“For the most part, I was in the moment, doing what I do every day.”
Last Friday, at 10:30 a.m., ob-gyn Rebekah McCurdy was seeing patients in her office when she got the call. Hello, said the voice on the line. It’s us. We’re thinking of doing a C-section, and we’re ready to put her under anesthesia. Weird, thought McCurdy. She wasn’t covering deliveries that morning, and in any case, she didn’t have any C-sections scheduled. “Who is this?” she said.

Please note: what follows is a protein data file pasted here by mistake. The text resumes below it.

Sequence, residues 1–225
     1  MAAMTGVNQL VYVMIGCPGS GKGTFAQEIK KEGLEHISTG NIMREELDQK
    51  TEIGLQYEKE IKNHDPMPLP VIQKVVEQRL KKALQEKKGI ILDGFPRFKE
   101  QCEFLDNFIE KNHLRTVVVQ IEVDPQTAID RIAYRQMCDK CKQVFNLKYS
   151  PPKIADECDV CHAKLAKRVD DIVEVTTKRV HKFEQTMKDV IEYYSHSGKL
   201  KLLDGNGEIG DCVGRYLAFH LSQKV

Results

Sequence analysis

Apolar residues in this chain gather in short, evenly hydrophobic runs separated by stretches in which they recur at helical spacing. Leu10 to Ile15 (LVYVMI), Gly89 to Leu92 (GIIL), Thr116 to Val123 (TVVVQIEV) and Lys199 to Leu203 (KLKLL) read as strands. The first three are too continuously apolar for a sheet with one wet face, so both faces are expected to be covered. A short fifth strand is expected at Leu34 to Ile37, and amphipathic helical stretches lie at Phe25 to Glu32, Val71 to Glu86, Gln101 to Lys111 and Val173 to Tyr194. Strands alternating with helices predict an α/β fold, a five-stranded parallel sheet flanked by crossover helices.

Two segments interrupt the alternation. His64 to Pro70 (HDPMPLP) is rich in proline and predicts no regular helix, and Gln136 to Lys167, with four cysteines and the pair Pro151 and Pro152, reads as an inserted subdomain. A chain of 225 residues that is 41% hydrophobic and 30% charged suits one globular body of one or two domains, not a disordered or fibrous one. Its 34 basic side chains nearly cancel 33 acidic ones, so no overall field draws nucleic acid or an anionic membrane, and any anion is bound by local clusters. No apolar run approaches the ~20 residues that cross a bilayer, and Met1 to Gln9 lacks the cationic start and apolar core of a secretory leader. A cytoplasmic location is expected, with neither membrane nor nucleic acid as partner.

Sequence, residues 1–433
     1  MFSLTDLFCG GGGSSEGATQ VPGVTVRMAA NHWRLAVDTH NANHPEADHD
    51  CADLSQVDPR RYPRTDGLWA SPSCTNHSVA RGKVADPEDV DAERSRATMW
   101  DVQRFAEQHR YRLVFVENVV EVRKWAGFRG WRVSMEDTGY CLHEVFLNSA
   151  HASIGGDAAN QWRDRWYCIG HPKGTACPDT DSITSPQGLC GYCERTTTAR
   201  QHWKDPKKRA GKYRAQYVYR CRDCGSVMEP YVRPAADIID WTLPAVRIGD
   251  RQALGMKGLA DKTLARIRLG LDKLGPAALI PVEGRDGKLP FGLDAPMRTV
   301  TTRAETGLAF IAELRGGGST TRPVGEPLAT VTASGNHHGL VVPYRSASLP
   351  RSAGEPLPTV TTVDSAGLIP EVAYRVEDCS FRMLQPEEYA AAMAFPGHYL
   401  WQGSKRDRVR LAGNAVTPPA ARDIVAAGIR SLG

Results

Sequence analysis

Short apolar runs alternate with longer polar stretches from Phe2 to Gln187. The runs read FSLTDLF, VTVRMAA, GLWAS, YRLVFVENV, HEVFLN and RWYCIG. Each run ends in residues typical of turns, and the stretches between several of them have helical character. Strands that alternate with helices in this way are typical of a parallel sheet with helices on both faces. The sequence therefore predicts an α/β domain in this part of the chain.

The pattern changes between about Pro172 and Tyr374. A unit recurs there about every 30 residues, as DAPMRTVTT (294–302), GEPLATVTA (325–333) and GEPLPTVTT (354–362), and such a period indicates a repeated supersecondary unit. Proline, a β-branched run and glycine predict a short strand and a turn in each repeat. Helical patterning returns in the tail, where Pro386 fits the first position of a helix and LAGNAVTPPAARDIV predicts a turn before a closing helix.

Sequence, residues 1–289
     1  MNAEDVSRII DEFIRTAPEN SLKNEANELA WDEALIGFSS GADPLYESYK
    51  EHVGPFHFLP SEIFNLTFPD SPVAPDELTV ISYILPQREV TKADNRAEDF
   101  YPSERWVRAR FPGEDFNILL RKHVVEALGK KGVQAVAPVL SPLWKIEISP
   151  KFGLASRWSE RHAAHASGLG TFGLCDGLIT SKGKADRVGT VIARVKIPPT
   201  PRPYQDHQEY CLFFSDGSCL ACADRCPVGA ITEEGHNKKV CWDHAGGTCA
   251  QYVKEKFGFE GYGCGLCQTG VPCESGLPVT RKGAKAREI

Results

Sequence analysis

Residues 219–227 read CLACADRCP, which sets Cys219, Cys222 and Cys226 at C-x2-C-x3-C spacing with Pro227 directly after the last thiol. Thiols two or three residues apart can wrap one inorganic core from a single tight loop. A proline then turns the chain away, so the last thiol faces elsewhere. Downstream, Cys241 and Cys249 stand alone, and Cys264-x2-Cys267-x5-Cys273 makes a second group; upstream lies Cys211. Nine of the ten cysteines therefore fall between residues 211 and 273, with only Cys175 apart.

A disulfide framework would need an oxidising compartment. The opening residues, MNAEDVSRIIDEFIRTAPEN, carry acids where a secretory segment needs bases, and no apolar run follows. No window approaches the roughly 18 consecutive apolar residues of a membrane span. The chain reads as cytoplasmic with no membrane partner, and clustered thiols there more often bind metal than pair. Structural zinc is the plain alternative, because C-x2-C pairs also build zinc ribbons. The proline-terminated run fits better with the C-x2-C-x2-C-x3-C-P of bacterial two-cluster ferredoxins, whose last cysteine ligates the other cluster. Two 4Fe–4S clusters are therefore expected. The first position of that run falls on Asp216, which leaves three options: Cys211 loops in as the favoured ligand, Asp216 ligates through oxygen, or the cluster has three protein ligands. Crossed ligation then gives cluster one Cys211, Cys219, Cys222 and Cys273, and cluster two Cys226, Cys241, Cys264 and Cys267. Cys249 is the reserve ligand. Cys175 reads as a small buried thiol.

“It’s the zoo,” said the voice. “It’s for Kira.”
McCurdy dropped everything and ran to her car. A few hours later, she was delivering a baby gorilla into the world.
Philadelphia Zoo has a long history of raising great apes: In 1928, it became the first American zoo to successfully breed both chimpanzees and orangutans. In 2009, when it restarted its breeding program in a newly built primate house, vets contacted Stuart Weiner, a director at Thomas Jefferson University Hospital and a specialist in high-risk obstetrics. They wanted someone on standby in case any of the pregnancies became complicated.